I’m busy. I love being busy all the time so I can bitch about how too busy I am and don’t have time to put my feet up ever.
If I could bear to read them (remind me to burn those things) in 30 years of journals I’d find biweekly accounts of how overwhelmed I was and exhaustive recitations of all I had to do: wash the kitchen floor, get groceries, answer twenty parent emails, go to the gym, make dinner, swear off sweets, lose five pounds, plan my classes, grade 150 essays, be up at 5, at school by 6:15 to run off the day’s handouts. I was also supposed to work on the great American poem and if I didn’t—often the case—my life was pointless.
In retirement I have adeptly managed to stay busy. Taught part-time, became a literary translator, started this blog featuring two 800-word posts a month, managed remodels of my study and kitchen. I quit teaching a class last year to take a job developing a university literary translation curriculum. That was fine: four months of too busy to complain about, after which I’d teach the class in January and be too busy again.
Meanwhile, the election happened. Winter arrived. The January class was cancelled. For over a month now, I have not been busy. As it turns out, time to put my feet up does not make me happy.
I know I’m depressed when I spend half my afternoon playing solitaire. I know I’m depressed when my post-election adrenalin rush dissipates, and the idea of more phone calls to politicians makes me want to weep. My Facebook feed is peppered with horrible cabinet nominations, threats to the Affordable Care Act, the environment, civil rights and….a Matsushima Bay tsunami washes over me.
After the election, I donated to the ACLU, Planned Parenthood, others. Now I receive daily emails from all of them and their cousins reporting that the world is definitely ending and they need more funds now. One sent me a photo of the Grand Canyon studded with oil wells. My depression curls up, decides to stay a while. Another round of solitaire. Or are there any new cat videos?
Maybe I should stand down and let the power-crazed Repubs dismantle half the government, all our social programs, ban people of other religions, build a stupid wall, turn our air and water dirty as China’s. Eventually, those actions will come back to haunt them. Eventually people will realize they have no better jobs, no health care, no new immigrants to do the work Americans refuse to do. They’ll wake up and say, oh shit, what have we done? I can play solitaire and watch it unravel.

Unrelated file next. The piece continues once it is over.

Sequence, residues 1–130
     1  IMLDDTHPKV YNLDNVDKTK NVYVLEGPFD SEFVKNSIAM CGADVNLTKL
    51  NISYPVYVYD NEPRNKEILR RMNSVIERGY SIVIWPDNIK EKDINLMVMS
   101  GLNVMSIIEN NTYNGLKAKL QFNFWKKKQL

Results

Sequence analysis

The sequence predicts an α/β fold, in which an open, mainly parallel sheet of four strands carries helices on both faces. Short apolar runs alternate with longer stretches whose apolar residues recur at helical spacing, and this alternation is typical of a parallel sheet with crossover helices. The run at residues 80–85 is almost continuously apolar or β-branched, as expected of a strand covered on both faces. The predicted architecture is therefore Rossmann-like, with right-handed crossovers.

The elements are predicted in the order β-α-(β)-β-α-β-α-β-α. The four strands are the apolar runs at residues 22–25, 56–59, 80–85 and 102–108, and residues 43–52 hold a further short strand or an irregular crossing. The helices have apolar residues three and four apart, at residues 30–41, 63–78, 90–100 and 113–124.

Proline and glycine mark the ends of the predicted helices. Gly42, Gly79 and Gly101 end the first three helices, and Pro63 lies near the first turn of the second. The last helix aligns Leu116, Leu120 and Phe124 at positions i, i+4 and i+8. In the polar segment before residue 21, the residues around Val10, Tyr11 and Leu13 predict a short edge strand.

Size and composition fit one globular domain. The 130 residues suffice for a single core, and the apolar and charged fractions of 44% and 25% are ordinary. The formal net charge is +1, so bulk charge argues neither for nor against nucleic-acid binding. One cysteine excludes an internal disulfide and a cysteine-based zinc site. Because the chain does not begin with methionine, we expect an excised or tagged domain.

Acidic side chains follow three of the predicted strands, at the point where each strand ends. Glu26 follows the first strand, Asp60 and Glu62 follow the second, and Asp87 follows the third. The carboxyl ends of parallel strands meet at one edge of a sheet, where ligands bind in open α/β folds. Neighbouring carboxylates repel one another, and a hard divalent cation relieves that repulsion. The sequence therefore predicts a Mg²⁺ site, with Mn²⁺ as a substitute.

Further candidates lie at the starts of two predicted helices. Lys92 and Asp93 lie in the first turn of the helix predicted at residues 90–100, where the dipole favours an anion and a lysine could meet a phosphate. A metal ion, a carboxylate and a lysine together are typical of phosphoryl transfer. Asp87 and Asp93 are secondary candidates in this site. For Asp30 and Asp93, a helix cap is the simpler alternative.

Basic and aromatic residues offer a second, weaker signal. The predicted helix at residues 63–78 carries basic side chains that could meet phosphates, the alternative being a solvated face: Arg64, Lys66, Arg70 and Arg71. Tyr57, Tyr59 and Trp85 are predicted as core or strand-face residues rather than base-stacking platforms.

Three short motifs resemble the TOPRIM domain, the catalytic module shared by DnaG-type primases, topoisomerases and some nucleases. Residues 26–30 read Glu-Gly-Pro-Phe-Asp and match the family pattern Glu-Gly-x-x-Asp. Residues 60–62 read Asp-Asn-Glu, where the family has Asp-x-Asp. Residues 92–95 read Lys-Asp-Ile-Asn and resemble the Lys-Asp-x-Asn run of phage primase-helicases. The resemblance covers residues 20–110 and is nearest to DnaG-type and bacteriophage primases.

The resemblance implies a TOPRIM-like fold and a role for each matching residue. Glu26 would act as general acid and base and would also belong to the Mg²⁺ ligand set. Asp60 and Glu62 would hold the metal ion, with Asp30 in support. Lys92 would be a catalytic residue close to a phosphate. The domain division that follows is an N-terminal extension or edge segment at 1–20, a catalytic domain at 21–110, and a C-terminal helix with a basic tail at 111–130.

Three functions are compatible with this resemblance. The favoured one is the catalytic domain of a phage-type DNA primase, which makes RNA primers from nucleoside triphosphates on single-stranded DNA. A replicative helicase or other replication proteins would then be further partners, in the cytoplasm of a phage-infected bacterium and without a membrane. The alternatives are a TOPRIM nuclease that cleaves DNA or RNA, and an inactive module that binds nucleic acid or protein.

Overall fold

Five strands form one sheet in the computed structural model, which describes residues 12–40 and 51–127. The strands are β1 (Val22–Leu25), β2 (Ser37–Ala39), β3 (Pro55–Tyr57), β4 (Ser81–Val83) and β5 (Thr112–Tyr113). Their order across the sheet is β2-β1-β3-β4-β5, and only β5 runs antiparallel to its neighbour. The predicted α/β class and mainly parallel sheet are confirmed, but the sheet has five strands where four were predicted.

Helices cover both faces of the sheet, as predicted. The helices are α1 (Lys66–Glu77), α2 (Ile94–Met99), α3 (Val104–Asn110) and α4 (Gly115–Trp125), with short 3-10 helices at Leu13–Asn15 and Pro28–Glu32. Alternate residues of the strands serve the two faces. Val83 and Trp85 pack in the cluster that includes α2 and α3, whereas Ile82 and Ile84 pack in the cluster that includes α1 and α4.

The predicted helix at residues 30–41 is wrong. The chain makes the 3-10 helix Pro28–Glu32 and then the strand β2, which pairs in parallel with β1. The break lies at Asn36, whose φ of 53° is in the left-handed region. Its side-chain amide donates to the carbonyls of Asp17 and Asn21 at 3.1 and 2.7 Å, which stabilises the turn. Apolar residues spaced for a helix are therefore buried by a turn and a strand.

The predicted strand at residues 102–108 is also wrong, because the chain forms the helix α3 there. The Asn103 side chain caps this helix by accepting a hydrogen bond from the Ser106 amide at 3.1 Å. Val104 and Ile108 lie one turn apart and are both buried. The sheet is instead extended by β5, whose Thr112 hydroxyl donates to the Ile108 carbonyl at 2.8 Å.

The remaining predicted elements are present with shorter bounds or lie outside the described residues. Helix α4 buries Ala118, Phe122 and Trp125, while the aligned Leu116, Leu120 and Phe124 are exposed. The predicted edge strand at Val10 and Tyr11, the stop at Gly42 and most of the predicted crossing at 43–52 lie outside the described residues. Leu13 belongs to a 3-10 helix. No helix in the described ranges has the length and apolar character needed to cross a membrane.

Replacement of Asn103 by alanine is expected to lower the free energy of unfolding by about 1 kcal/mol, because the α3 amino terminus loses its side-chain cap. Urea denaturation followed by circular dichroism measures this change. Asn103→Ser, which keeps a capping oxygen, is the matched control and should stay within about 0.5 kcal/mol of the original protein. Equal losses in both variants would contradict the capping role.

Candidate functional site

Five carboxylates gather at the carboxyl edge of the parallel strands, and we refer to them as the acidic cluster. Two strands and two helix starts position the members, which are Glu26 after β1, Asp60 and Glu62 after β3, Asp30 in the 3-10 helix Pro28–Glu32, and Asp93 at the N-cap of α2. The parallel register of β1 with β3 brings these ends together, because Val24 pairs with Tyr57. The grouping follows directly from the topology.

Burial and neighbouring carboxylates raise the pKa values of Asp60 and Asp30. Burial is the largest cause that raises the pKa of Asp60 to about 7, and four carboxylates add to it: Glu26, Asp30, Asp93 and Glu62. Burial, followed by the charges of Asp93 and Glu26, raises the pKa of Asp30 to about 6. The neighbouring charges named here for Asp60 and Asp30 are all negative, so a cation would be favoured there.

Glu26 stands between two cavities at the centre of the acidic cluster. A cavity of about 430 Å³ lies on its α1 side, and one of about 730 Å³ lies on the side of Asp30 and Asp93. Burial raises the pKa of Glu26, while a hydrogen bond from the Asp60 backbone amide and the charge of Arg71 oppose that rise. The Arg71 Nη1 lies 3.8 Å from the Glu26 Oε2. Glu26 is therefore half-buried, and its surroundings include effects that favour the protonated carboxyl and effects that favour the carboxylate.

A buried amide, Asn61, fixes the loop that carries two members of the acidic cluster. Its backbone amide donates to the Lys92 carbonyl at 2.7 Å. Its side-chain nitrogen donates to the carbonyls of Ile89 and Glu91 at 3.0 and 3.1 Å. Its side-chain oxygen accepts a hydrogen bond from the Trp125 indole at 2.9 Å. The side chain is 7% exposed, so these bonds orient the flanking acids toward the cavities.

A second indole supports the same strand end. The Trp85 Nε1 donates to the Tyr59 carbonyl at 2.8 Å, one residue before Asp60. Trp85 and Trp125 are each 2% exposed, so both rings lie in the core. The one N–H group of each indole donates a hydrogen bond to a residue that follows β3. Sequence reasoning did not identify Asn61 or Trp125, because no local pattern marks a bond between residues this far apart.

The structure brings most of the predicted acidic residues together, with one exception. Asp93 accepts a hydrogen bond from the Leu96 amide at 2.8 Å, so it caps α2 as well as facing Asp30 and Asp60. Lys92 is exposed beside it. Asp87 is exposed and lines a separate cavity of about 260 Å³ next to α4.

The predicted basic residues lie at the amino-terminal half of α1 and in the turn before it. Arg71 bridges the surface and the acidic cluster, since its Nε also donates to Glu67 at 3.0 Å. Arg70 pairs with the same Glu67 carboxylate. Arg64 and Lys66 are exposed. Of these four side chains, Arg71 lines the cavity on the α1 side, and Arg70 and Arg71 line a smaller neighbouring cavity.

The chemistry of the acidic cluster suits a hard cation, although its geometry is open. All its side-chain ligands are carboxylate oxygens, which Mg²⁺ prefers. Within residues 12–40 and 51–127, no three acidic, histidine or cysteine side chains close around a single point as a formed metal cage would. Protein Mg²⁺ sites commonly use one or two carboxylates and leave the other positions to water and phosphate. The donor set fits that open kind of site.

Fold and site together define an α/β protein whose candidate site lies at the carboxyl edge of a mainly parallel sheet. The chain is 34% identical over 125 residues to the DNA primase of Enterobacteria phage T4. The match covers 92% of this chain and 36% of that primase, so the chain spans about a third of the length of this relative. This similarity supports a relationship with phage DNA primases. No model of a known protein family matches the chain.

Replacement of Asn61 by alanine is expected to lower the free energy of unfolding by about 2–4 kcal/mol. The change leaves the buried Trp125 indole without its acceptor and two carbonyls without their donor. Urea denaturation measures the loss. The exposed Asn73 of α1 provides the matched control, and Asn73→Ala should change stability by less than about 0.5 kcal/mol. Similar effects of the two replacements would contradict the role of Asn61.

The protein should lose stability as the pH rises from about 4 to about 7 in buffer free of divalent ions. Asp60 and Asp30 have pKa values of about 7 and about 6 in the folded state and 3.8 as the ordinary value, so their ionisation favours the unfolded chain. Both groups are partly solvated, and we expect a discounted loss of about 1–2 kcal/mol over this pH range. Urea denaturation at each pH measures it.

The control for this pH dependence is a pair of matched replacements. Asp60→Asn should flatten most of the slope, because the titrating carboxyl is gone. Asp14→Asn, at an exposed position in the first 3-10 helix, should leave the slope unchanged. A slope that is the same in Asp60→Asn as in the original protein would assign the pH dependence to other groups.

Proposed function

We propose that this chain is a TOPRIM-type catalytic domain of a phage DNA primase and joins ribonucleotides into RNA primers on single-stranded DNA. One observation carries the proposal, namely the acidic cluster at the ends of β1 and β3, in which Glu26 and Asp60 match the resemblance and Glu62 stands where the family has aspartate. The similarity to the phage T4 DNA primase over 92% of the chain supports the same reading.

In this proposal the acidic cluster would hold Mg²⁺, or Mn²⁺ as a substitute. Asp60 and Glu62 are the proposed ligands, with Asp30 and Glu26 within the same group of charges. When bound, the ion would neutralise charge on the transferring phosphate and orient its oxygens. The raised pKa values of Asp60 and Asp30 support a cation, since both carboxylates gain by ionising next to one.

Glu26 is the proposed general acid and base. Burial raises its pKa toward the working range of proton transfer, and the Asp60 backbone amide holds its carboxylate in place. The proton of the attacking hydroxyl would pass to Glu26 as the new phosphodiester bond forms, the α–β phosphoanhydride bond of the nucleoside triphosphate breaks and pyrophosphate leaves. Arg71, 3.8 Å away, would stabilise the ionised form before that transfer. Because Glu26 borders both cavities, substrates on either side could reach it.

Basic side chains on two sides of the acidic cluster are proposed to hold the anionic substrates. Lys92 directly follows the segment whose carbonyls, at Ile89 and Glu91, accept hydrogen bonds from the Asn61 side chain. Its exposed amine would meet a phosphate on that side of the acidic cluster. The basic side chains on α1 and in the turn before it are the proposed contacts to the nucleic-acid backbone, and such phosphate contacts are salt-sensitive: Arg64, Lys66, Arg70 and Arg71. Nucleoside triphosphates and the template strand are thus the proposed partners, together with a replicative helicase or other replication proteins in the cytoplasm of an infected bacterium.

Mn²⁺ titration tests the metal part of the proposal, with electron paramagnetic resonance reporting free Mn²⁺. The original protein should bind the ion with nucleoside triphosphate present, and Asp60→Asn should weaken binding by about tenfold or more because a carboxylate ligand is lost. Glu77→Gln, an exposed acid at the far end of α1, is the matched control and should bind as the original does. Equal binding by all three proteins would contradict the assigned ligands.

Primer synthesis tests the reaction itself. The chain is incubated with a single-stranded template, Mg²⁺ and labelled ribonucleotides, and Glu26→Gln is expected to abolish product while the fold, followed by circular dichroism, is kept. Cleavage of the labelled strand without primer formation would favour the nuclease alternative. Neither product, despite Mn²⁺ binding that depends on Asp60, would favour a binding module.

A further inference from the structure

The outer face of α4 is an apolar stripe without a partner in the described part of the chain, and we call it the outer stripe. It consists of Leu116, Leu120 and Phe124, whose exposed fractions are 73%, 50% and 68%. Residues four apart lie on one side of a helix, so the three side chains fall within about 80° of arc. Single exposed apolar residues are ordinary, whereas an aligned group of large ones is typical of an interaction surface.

Then I remember The Lorax:
Unless someone like you cares a whole awful lot, nothing is going to get better. It’s not.
This month’s ACLU magazine has a photo of Trump on the cover and says, “See You In Court.” That’s the spirit. So this week I made myself call congressional offices to say they should leave the ACA alone until they develop a replacement. (They’re not listening, but what else is new.) I called my Republican senator and told him not to confirm Jeff Sessions for Attorney General or to hold hearings on nominees not yet vetted. I signed petitions and sent emails.
And hey, enough of us were doing that kind of thing to get a response. Republicans were feeling the pressure and delayed some confirmation hearings to allow candidates to be vetted. A presidential transitions expert said the Trump transition is further behind schedule than any other in recent decades. Billionaires have complicated financials and are slow to provide information. I also heard some Republicans are starting to feel uneasy about repealing the ACA without a plan to replace it. Huh. Go figure.
O.K. then. I may have to wade through depression mud to get there, but I’ll keep doing those phone calls.
I started looking for volunteer opportunities in areas under threat. Maybe environmental protection or teaching English to refugees. My neighbor volunteers at a local clinic, says Denver currently has many Eritrean and Ethiopian refugees. This will be a small gesture, the action one person can take. That’s fine, because I believe in Margaret Mead’s famous statement:
Never doubt that a small group of thoughtful, committed citizens can change the world; indeed, it’s the only thing that ever has.
I’m joining the Women’s March (men welcome) here in Denver on January 21. At last report, over 16,000 had signed up. We’ll march “to support social justice, human rights and equality, and to demonstrate that we will be vigilant in protecting these rights moving forward.” It’ll cheer me up. Civic Center at 9 a.m. See you there?